One day in fifth grade, I arrived to school and couldn’t see anything. My world had suddenly become a blur. The previous day, I had sat at my desk at the back of the classroom, watching the teacher at the blackboard, and all was fine. The next day, no matter how close I got to the blackboard, I couldn’t make out any of the writing on it. That afternoon, I went to the optometrist. For several days afterward, I walked around in an impressionist-style world full of soft edges, until my glasses arrived.
That lasted for 22 years, during which I went through numerous pairs of glasses and contact lenses. Over the years, my vision became worse and worse, to the point where if I wasn’t wearing my glasses or contact lenses, I couldn’t make out shapes, only areas of color. One day I suddenly thought to myself, “If I were kidnapped and my kidnappers took away my glasses, or my contact lenses dried up, then I would have virtually no chance of survival. Even if I were to escape, I probably wouldn’t survive.”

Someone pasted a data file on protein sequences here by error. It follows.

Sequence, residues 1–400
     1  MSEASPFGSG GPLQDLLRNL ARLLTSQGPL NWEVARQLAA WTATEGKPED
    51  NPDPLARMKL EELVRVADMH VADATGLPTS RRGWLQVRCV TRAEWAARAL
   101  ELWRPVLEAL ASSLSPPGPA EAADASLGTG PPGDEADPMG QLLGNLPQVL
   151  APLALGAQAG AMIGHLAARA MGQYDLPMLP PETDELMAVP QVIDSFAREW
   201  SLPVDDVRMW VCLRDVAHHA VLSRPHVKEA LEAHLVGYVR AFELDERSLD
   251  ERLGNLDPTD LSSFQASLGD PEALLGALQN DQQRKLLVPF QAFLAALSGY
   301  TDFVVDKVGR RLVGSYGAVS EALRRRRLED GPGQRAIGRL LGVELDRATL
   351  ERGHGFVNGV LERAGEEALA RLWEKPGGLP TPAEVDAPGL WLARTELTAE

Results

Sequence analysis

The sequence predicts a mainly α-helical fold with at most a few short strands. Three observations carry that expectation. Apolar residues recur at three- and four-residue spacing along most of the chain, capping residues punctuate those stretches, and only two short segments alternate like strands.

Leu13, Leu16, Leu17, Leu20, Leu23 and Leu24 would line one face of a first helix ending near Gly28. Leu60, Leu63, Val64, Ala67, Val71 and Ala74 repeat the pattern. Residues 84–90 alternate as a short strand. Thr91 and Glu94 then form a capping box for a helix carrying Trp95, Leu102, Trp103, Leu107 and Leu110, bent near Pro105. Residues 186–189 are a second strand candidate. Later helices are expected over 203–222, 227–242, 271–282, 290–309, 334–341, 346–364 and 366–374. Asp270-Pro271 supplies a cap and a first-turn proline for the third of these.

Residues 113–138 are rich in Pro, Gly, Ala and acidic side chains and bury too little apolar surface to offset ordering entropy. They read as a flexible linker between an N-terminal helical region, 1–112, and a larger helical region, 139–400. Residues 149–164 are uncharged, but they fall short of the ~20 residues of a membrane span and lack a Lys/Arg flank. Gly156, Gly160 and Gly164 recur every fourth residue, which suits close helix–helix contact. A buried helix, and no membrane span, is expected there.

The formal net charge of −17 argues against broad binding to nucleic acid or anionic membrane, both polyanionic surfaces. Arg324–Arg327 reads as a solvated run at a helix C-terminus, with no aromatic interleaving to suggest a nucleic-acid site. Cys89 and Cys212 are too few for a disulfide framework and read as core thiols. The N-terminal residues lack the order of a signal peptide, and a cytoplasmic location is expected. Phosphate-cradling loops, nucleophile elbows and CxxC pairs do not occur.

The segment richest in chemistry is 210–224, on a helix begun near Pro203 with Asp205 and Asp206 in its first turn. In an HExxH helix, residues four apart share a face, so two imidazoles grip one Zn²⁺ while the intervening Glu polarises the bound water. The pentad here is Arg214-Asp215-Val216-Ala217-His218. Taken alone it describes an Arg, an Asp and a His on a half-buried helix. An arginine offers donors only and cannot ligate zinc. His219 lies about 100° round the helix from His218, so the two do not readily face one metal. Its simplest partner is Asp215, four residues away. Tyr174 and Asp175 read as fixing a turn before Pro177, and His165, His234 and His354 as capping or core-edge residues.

I investigated Lasik surgery and discovered I was a fair candidate. The doctor warned me before the surgery that because my eyesight was so deteriorated, he couldn’t promise that I would have 20/20 vision after the surgery. He also said that once I turned 40, my eyesight would probably degenerate and I would need glasses again. Even with those caveats, I felt the surgery would be worth it.
I woke up the day after the surgery with 20/15 vision. I was ecstatic. I walked around, just staring at things. My favorite thing to do was wake up, keep my eyes shut, then open them quickly, and see how far I could focus on something. I could swim. I could camp. I could see. I could see!
That lasted for almost ten years. Ten, glorious, sight-ful years. Recently, however, I noticed that things were beginning to become slightly blurry. I could still see, but there’s not the crispness that there was before. So I got glasses (again). I’m not quite in the habit of wearing them. So every now and then, I’ll be watching a movie, or walking at night, and remember I have glasses. And it’s such a treat to put them on and have everything be clear once again.